These Eurozone Countries Have Been Adapted Best To The Crisis

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The Lisbon Council Think Tank released a study today documenting how eurozone countries have adjusted to increasing financial turmoil on the continent.In order to see which countries are making the best “adjustment progress” the study (which can be read in full here) looks at three main factors in each of the 17 eurozone countries.

Firstly, each country’s external adjustment is looked at. Secondly fiscal adjustment is taken into account and lastly the change in real unit labour costs is assessed. Each country has been given a score and a rank based on the result of this investigation. After these factors are assessed each country is given a score out of 10 as to how well it has adjusted.

Working with the Berenberg Bank, the think tank has also ranked the overall fiscal health of each of the countries.

As you’ll see by looking at the ranks side by side, in most cases the countries that have adjusted the most to fiscal turmoil are those in the most economic trouble.

In other words, those that need to adjust the most are doing so, but it still may not be enough to divert disaster.

#10 Finland

Score: 3.8

Rank for overall fiscal health: 3

Strengths: Excellent scores for human resources, with the best PISA result and a strong ability to integrate immigrants; No structural fiscal deficit; no fiscal sustainability gap; Very low ratio of household debt to GDP; Liberal regime for market regulation.

Weaknesses: Significant drop in net exports after 2008; High share of government expenditure in GDP; Insufficient export orientation for a small economy.

SOURCE: Lisbon Council Think Tank

#9 Luxembourg

Score: 4.0

Rank for overall fiscal health: 2

Strengths: Excellent fiscal position; Strongest trend growth among the mature eurozone members; huge current account surplus; low rate of public and private consumption.

Weaknesses: Heavily regulated service markets; unusual dependence on financial industry; high degree of market regulation; high degree of employment protection.

SOURCE: Lisbon Council Think Tank

#8 Netherlands

Score: 4.0

Rank for overall fiscal health: 4

Strengths: Excellent use of labour resources, with a very high employment rate and very low rates of youth and long-term unemployment; very liberal regulatory regime; strong export performance; major current account surplus.

Weaknesses: High share of government expenditure in GDP; oversized financial industry; underling primary fiscal deficit above average.

SOURCE: Lisbon Council Think Tank

#7 Portugal

Score: 4.9

Rank for overall fiscal health: 15

Strengths: Major fiscal adjustment has started; excellent score for integrating immigrants.

Weaknesses: Very subdued trend growth; insufficient export orientation; wide current account deficit; huge underlying fiscal deficit in 2010; unsustainable fiscal position.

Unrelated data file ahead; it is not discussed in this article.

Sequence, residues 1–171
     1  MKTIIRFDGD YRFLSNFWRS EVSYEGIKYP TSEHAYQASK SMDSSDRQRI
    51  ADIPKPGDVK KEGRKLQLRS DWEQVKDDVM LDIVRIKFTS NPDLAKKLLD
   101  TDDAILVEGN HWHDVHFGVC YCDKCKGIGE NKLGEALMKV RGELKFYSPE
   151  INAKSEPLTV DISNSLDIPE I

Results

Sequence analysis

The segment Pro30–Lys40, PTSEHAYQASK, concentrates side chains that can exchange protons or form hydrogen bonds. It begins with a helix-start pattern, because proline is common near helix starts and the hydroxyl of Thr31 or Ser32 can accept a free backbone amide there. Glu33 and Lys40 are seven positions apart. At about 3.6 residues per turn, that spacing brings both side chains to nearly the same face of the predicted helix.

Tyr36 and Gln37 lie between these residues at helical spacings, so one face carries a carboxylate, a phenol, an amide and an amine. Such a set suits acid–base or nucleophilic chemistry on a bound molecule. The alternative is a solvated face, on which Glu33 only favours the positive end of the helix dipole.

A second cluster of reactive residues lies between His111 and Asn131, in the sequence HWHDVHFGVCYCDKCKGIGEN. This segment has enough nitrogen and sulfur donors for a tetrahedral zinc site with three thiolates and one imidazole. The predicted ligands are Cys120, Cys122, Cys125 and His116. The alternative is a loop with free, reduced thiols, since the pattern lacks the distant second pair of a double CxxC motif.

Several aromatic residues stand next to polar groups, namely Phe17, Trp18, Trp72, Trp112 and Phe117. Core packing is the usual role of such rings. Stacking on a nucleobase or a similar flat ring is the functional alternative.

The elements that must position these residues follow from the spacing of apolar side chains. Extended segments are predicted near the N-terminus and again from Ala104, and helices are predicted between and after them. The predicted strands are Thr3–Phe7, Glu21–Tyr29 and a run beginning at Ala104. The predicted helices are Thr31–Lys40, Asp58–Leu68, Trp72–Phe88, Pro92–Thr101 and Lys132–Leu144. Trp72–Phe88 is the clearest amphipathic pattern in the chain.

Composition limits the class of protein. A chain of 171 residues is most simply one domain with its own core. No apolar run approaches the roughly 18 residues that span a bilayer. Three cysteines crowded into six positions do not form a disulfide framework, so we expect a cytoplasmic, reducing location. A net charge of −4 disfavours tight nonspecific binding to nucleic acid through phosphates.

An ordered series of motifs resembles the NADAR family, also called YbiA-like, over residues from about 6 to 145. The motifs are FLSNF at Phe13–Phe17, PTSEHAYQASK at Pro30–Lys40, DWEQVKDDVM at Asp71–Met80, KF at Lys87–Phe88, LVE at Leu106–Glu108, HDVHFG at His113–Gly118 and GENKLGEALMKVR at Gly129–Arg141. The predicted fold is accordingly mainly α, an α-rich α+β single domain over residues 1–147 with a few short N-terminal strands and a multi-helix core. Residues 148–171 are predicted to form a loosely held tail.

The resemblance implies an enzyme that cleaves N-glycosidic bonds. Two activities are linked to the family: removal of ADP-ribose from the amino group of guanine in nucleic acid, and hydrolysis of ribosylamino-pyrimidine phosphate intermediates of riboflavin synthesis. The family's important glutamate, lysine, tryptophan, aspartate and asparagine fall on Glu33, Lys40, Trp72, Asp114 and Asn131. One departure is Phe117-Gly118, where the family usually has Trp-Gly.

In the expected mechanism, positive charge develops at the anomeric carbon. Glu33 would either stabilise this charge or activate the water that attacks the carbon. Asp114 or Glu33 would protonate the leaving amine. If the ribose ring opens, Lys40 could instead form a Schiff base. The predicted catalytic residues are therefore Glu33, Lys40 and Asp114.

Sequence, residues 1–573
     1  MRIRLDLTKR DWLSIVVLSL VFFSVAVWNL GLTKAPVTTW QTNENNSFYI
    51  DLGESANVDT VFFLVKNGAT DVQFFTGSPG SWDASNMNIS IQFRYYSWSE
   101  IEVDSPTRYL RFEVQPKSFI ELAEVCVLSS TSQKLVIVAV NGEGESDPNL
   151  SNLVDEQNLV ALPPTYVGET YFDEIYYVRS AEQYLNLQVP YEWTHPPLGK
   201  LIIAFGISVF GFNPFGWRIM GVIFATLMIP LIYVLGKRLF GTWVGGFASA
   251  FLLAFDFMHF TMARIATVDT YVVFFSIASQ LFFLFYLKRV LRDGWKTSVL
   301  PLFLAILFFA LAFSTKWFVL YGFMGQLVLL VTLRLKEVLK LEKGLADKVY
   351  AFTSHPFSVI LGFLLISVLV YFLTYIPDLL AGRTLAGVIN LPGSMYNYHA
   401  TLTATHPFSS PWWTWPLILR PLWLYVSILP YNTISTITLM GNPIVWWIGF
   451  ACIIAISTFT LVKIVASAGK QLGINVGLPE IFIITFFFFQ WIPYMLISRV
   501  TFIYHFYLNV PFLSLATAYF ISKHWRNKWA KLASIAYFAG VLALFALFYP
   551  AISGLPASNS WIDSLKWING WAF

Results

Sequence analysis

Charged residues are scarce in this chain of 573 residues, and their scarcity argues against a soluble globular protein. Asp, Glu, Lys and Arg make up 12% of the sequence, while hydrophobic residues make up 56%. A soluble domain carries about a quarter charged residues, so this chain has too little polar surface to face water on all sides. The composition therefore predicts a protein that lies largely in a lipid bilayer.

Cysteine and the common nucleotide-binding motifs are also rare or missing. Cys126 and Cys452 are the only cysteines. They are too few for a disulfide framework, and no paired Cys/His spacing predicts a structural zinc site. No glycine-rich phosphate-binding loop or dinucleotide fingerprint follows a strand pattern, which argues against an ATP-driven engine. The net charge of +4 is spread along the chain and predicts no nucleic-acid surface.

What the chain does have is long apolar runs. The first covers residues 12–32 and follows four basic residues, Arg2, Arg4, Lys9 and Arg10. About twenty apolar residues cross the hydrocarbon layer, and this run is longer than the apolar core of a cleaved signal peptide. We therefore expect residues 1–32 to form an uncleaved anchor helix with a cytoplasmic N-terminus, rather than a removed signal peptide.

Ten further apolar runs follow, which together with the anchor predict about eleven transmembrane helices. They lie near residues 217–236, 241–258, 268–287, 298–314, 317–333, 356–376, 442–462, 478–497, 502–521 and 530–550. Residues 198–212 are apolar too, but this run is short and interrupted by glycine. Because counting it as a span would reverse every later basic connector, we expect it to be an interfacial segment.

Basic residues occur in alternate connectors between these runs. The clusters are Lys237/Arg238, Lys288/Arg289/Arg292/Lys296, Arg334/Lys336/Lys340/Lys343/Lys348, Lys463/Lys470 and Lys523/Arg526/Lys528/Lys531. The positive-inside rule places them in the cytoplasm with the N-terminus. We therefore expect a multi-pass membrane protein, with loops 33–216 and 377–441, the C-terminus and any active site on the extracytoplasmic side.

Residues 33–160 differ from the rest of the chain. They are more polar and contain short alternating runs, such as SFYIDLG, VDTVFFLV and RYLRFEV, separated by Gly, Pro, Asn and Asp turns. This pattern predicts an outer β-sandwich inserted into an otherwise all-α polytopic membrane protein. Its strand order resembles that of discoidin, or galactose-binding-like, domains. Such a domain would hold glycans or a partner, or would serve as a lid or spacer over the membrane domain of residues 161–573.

SOURCE: Lisbon Council Think Tank

#6 Slovakia

Score: 5.0

Rank for overall fiscal health: 6

Strengths: Best score for recent trend growth in the eurozone; strong export orientation; very low share of government expenditure in GDP; subdued propensity to consume; low ratio of public debt to GDP.

Weaknesses: Very high rates of youth and long-term unemployment; very low scores for human resources; excessive underlying fiscal deficit 2010.

SOURCE: Lisbon Council Think Tank

#5 Spain

Score: 5.7

Rank for overall fiscal health: 12

Strengths: Comparatively low ratio of public debt to GDP; below-average share of government expenditure in GDP; serious turnaround in net exports and the underlying fiscal position; modest degree of regulation for product and services markets.

Weaknesses: Low rate of trend growth outside construction; very bad employment scores, with worst youth unemployment within the eurozone; high structural fiscal deficit in 2010; serious sustainability gap; low fertility rate, low PISA scores.

SOURCE: Lisbon Council Think Tank

#4 Malta

Score: 6.4

Rank for overall fiscal health: 11

Strengths: Strong rise in net exports since late 2007; low share of government expenditure in GDP; subdued unit labour costs.

Weaknesses: Very low employment rate; unsustainable fiscal position; major current account deficit.

SOURCE: Lisbon Council Think Tank

#3 Ireland

Score: 6.5

Rank for overall fiscal health: 10

Strengths: Strong adjustment effort with a major rise in exports and a significant fall in unit labour costs; best fertility rate in the eurozone; major increase in the household savings rate; the least regulated markets for goods and services in the eurozone; high household savings rate.

Weaknesses: The worst structural fiscal deficit in the eurozone; highest ratio of bank assets to GDP; excessive rise in unit labour costs 2002-2010; pronounced fall in employment.

SOURCE: Lisbon Council Think Tank

#2 Greece

Score: 6.6

Rank for overall fiscal health: 17

Strengths: Major turnaround in the cyclically adjusted fiscal deficit; major improvement in net exports through slump in imports; low ratio of household debt to GDP, BUT few major strengths.

Weaknesses: Worst ratio of public debt to GDP; very low PISA scores; high propensity to consume; huge current account deficit; very low household savings rate; most regulated markets in the eurozone.

SOURCE: Lisbon Council Think Tank

#1 Estonia

Score: 8.4

Rank for overall fiscal health: 1

Strengths: Top ranking for fiscal sustainability; strong export orientation; good PISA scores; rapidly adjusting labour market; very liberal regulatory regime.

Weaknesses: Excessive rise in labour costs during the boom years until 2008; low household savings rate; still reeling under the sharp post-bubble drop in employment; below average capacity to integrate immigrants.

SOURCE: Lisbon Council Think Tank

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